Hexagonal Wall Tile
On View In:
Gallery 243
Artist:   Syrian  
Title:   Hexagonal Wall Tile  
Date:   Ottoman period  
Medium:   Earthenware with underglaze blue and turquoise  
Dimensions:   7 1/8 in. (18.1 cm)  
Credit Line:   The William Hood Dunwoody Fund  
Location:   Gallery 243  

Architectural tile work reached its greatest artistic expression in the Islamic countries. Glazed tile used as wall decoration became popular throughout the Middle East during the Seljuk dynasty (1038-1157). Animal figures and purely geometric motifs were applied to tiles glazed in both luster and polychrome techniques into the fifteenth century. Blue-and-white decor became universally popular with the Ottomans, however, and tile work in two shades of blue, such as the example shown here, was produced at Damascus in Syria beginning around 1500. Several Turkish mosques and palaces of the sixteenth and seventeenth centuries incorporated similar tiles in their decor. Removed from its original setting, the tile loses much of its decorative impact, but thousands of such pieces adjacent to each other created a brilliant interior.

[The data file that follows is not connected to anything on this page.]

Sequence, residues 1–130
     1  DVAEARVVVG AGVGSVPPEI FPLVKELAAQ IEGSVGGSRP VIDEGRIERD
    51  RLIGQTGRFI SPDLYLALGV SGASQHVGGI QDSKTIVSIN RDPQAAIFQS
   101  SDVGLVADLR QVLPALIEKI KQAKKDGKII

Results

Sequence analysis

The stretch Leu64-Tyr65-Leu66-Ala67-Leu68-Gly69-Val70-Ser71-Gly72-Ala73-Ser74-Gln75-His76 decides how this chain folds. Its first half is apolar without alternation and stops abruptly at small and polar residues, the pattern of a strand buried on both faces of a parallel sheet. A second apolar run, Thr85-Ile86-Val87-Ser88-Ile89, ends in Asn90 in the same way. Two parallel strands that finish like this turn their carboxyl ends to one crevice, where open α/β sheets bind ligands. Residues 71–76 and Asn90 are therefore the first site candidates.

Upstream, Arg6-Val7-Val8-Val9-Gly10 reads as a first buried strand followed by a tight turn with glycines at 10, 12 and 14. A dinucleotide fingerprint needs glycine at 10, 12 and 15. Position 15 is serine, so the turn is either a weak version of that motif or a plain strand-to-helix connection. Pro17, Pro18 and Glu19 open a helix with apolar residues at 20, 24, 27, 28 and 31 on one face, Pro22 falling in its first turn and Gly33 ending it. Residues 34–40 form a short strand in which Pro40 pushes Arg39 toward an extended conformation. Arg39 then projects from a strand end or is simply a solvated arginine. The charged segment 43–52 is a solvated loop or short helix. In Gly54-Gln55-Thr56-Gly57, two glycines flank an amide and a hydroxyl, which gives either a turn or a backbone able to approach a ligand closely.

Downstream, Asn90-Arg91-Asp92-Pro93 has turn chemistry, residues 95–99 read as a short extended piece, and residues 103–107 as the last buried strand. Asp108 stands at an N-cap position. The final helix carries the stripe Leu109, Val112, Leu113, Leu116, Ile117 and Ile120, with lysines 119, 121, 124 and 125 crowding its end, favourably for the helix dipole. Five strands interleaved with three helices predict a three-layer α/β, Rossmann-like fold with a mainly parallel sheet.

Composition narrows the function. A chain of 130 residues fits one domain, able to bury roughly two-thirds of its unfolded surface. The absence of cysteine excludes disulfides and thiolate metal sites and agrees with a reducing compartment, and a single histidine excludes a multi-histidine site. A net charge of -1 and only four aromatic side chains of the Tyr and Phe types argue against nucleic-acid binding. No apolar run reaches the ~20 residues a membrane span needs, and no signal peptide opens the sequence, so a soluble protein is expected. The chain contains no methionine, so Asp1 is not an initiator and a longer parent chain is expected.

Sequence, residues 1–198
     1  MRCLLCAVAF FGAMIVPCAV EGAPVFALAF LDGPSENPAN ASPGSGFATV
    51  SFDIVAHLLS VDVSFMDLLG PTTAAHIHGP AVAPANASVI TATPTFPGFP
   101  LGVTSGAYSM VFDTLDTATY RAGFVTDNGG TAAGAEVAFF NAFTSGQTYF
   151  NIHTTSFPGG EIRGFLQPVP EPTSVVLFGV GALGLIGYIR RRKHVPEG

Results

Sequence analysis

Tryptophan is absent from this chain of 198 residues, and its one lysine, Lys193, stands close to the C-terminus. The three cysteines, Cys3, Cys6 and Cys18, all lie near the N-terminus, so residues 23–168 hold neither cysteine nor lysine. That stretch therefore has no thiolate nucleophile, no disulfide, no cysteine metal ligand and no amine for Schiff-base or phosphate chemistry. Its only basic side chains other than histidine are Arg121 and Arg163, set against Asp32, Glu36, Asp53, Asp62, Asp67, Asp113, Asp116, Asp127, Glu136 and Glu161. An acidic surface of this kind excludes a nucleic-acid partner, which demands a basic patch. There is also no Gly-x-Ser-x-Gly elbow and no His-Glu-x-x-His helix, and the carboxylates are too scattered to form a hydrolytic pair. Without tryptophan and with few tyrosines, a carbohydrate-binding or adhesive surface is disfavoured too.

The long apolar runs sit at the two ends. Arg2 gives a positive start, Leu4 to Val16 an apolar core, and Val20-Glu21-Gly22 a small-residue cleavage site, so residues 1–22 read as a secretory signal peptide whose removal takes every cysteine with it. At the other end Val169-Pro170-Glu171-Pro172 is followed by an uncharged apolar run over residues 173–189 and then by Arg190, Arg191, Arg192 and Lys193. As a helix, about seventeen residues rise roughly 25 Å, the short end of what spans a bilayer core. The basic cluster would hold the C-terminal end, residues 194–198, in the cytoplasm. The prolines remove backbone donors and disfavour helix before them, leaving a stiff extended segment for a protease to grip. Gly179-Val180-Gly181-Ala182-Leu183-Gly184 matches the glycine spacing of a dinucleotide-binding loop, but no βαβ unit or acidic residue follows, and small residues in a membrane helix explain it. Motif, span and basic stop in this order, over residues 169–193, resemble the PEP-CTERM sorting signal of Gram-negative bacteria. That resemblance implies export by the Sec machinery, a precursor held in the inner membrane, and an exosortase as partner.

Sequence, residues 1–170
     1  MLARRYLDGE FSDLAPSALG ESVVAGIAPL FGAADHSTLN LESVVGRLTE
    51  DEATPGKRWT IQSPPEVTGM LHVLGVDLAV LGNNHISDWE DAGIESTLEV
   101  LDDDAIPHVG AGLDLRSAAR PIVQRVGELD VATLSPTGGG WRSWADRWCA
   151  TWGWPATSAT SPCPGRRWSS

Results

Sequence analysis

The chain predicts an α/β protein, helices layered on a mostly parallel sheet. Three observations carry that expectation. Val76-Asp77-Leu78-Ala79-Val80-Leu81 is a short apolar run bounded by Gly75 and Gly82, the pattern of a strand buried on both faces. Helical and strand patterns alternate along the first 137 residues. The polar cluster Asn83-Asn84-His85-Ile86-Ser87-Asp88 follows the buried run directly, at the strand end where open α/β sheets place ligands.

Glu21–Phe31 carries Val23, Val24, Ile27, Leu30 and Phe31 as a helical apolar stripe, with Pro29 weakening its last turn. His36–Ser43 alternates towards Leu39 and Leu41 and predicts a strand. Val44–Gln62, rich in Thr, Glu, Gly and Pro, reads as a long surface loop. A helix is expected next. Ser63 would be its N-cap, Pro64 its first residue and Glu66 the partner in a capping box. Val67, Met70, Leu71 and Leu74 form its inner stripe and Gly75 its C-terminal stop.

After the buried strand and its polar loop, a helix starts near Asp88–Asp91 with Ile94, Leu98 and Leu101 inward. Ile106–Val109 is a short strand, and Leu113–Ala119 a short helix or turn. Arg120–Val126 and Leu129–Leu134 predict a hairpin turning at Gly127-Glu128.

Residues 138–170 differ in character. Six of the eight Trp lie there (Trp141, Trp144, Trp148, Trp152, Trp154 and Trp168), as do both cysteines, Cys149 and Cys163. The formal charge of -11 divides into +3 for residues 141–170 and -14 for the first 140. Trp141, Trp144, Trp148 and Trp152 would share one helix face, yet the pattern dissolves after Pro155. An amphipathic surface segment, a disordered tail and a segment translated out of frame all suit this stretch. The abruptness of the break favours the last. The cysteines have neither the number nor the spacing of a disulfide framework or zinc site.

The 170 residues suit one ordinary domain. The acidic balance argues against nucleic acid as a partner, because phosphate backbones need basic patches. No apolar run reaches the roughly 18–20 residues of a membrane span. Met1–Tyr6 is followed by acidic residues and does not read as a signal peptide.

Object Description  
  
Inscriptions:    
Classification:   Ceramics  
Physical Description:   Hexagonal Tile palmette and arabesque design in turquoise and dark blue on white; Damascus  
Creation Place:   Asia, Syria, , ,  
Accession #:   17.55  
Owner:   The Minneapolis Institute of Arts